This winter’s extreme freeze-thaw cycle is giving drivers a run for their money—who doesn’t love a good pothole? It's also got me making frequent trips to the farm just to check the units where we store our food. Our ideal range is 33°—43°; thanks to the insulation Peter put in last year, we’ve been able to maintain it with minimal heat. That said, when the outdoor temps from go from 10° to 50° and back within 96 hours, I get nervous. The only way to ease my nerves is to hop in the car, drive to the farm (avoiding all potholes, of course), and check the units. Not surprisingly, two months of late-night/early-morning drives has put me in the market for a remote sensor. I called my gadget-loving brother-in-law last Sunday to see if he had any recommendations, but apparently there was this big football game going on, and I couldn’t get him to switch focus. People are funny with their priorities, aren’t they? While I wait for Bryan’s post-game feedback, I welcome other recommendations. The farm doesn’t have WIFI, so that narrows the field.
Meanwhile, the seeds have arrived, the crew schedule is set, and we can’t wait to begin the first seeding of 2022…too bad we still have three weeks to go. Our first official seeding on March 4 is late by local standards, but it works for us; we’ve lost too many early plantings to cold soil to tempt fate. So to keep out of trouble while counting down the days, I’ve been focusing on our CSA members and farm stand customers instead, hoping to convert more people to the Gospel of Seed. A big poster of our seeding schedule is now hanging in the Tin House. The seed rack from High Mowing Organic Seeds is restocked and ready to go. We also added a collection of whimsical, just-for-the-fun-of-it seeds from Hudson Valley Seed Company—butterfly weed, stinging nettle, and wild bergamot, to name a few. And Dan is looking to buy a sling of Vermont Compost potting mix, which we’ll resell by the pound (BYOB—bring your own bucket). Let the seeding games begin!
We’re also staying out of trouble by keeping a busy calendar of conversations, meetings, and visits with a range of people on a range of topics. I had a 3-hour phone consultation with Ed Fraser, a garlic grower from Rochester, NY—you can never learn too much about garlic! I also met with Gary Haglich from the Old Bethpage Village Restoration to discuss how Restoration Farm can help support the Long Island Fair. Turns out, they need volunteers, and I think I know where to find them. Dan and I have also been catching up with local growers—Alethea Vasilas of Orkestai Farm in Oyster Bay, Elizabeth Rexer of Rexer’s Family Farm in Huntington, and Sean Pilger of Hamlet Organic Garden in Brookhaven. If you can’t hang with everyone at one big conference (this year’s NOFA-NY conference was virtual), making the local rounds is the next best thing. Finally, to continue the process of thinking about and preparing for the future, I’ve reached out to several women with professional experience and insight. CSA-member and attorney Vicki Gruber advised me on how to pursue a real-deal lease with Nassau County (we currently operate under a Use and Occupancy permit). Wendy Burkhart-Spiegel of Common Thread Farm in Madison, NY shared her insight on running and moving on from a non-profit farm. And La-Tasha Best-Gaddy of the Democracy at Work Institute provided a 30-minute consultation on transitioning to an employee-owned cooperative. It’s enough talk to make your head spin, but totally worth it in the pursuit of camaraderie and knowledge.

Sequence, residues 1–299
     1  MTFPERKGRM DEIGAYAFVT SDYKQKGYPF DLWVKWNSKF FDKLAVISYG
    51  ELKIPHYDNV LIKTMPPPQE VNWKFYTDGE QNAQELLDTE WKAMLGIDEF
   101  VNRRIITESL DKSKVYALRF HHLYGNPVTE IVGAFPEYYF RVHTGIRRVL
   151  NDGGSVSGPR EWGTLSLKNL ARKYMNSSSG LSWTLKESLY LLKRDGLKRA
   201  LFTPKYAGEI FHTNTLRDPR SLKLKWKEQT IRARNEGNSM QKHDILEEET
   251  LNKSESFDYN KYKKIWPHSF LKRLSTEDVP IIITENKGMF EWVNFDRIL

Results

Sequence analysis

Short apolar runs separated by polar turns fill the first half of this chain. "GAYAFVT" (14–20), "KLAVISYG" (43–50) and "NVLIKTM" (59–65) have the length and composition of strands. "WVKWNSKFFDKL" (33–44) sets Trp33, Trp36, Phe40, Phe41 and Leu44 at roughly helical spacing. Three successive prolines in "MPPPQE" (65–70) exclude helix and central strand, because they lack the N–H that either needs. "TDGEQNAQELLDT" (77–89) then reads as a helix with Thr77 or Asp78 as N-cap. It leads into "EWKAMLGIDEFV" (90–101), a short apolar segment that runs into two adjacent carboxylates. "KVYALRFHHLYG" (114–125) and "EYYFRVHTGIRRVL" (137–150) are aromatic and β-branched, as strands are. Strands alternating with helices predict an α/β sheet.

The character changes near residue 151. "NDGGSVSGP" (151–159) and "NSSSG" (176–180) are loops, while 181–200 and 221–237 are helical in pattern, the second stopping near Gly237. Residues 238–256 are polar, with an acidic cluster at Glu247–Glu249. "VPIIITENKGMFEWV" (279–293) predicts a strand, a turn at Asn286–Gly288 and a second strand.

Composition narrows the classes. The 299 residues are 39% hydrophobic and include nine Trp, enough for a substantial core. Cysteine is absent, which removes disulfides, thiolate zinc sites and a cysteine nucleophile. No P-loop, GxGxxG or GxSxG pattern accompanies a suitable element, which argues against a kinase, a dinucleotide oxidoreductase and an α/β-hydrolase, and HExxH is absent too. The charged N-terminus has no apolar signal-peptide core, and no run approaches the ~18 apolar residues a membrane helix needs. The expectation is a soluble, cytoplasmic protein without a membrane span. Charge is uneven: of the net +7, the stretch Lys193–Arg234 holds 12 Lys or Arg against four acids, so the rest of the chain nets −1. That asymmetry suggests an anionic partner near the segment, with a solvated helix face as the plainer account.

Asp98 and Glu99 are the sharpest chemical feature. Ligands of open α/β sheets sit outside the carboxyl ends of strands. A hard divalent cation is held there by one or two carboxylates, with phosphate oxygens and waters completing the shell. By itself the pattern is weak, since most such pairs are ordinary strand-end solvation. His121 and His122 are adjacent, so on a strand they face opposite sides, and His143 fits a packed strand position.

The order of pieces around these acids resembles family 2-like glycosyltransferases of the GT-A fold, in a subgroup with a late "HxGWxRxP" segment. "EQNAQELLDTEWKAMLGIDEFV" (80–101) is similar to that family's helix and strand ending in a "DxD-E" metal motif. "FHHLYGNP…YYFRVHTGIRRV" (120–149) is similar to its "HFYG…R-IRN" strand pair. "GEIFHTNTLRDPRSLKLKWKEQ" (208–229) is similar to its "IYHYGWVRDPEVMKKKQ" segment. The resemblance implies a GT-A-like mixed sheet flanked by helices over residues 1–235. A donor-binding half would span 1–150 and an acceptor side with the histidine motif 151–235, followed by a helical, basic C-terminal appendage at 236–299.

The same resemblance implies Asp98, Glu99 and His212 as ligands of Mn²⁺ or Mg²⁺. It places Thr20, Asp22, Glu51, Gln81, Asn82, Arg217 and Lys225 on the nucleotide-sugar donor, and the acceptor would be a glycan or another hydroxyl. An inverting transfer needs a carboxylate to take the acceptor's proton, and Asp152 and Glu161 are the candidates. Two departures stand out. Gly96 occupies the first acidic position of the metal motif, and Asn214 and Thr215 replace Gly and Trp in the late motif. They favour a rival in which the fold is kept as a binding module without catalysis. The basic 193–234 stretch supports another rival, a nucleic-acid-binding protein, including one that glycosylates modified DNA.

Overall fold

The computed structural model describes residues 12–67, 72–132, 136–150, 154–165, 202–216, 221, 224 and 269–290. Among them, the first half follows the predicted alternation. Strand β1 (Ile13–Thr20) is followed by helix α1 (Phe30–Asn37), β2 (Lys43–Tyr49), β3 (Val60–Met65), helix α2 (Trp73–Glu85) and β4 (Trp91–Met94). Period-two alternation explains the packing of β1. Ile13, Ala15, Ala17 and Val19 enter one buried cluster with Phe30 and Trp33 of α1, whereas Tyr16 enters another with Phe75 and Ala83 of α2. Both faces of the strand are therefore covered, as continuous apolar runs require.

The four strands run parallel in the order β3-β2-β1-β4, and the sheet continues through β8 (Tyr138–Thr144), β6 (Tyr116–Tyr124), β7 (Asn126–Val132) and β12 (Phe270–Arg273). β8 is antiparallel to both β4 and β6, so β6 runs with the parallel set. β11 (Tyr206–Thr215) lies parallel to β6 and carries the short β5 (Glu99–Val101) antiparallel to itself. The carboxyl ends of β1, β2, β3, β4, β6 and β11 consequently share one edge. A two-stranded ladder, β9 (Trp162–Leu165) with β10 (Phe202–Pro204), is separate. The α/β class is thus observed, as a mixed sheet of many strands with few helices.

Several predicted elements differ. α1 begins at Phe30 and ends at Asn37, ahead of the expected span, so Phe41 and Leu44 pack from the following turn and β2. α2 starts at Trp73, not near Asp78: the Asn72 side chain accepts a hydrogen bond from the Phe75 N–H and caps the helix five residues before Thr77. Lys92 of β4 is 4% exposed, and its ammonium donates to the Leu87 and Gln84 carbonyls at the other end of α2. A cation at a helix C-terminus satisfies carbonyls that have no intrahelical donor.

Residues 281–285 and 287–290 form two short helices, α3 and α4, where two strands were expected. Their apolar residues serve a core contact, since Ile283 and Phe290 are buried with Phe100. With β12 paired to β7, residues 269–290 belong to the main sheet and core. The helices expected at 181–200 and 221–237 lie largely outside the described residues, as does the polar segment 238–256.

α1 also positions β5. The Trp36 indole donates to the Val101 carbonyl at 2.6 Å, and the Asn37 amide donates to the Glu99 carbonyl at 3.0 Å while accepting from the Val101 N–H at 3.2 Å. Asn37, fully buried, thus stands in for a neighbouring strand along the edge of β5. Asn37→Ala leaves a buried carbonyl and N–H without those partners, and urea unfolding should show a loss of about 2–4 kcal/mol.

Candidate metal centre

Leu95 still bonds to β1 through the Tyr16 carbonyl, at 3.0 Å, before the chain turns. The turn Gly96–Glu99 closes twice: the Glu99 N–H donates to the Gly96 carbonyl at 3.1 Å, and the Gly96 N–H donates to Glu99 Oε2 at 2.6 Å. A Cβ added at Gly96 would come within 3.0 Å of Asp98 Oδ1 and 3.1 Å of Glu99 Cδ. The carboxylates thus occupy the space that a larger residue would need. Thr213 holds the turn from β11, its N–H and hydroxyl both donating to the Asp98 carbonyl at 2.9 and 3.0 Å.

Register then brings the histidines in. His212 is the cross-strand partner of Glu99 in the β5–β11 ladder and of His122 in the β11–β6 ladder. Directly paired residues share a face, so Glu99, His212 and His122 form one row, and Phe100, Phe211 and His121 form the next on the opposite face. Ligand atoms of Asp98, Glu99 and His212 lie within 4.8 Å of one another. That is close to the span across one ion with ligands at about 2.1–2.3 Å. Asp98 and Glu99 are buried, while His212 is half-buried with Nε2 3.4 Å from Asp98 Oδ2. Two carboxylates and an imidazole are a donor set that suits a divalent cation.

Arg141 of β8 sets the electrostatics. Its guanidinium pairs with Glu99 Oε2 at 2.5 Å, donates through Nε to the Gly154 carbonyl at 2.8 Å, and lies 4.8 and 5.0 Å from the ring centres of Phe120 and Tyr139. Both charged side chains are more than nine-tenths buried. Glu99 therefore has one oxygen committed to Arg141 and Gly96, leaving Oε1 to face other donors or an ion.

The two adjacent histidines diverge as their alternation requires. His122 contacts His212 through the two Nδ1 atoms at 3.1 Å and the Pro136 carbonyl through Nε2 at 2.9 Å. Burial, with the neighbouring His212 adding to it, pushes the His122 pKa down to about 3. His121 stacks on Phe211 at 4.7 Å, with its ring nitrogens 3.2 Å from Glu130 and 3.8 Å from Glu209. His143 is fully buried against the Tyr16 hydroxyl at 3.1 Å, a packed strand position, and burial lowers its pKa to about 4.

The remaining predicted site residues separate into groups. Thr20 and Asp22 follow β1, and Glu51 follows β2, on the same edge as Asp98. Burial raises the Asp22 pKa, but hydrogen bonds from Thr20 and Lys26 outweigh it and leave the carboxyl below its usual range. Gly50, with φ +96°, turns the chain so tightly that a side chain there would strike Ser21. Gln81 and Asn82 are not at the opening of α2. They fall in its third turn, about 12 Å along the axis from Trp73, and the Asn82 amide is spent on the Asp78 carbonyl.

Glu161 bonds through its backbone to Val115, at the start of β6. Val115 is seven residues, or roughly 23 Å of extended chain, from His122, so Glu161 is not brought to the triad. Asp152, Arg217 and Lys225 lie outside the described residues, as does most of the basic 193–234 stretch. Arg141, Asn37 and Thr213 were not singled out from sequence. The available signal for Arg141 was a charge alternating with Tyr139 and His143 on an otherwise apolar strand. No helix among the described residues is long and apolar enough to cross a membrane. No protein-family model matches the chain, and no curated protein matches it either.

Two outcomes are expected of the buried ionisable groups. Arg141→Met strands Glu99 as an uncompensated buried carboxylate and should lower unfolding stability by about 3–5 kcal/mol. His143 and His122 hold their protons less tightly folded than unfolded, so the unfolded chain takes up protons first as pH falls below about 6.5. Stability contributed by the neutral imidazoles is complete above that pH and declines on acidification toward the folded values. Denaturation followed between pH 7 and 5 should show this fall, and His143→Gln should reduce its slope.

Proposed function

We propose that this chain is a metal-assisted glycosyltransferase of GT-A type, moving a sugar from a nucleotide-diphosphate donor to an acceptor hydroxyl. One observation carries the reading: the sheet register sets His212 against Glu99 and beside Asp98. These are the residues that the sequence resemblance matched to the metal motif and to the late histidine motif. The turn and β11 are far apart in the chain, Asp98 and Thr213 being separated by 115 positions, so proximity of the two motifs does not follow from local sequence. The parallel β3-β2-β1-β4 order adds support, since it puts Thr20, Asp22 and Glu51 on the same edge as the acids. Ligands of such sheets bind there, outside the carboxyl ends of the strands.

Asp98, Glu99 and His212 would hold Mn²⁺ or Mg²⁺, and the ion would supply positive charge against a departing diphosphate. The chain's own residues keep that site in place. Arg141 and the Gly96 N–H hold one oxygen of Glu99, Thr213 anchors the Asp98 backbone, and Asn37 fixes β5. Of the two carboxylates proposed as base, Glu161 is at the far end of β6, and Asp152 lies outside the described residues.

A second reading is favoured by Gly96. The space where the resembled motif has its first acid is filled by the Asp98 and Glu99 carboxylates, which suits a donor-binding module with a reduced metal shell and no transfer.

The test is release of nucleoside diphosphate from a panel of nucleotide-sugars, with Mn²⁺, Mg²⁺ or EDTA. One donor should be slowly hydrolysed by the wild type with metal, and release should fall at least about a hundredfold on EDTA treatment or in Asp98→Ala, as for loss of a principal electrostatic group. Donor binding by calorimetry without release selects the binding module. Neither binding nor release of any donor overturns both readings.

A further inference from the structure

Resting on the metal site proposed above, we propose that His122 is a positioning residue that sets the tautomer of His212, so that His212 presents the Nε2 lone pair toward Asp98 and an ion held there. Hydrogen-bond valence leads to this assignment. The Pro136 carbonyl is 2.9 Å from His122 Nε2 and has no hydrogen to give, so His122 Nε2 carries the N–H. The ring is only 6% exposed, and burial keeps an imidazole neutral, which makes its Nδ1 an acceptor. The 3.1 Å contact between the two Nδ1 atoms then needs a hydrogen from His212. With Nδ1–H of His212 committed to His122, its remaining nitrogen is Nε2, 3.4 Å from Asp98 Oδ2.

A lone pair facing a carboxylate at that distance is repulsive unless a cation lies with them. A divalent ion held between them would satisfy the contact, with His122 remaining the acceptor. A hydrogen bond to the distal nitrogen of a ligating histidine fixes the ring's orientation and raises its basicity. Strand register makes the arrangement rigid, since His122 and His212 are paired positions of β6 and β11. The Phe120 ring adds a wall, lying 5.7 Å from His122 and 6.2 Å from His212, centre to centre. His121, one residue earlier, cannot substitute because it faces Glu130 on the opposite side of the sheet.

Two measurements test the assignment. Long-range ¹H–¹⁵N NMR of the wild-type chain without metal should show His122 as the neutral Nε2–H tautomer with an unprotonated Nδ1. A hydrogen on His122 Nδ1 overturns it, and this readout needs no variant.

And in the midst of it all, the farm stand chugs along. We’ll miss the hustle of winter share pickups, which end in two weeks, but we’re also excited to switch gears and offer up some off-season fun at the March and April farm stands. Here’s what's coming down the pike, and a big shout-out to Jackie Ford for coordinating it all: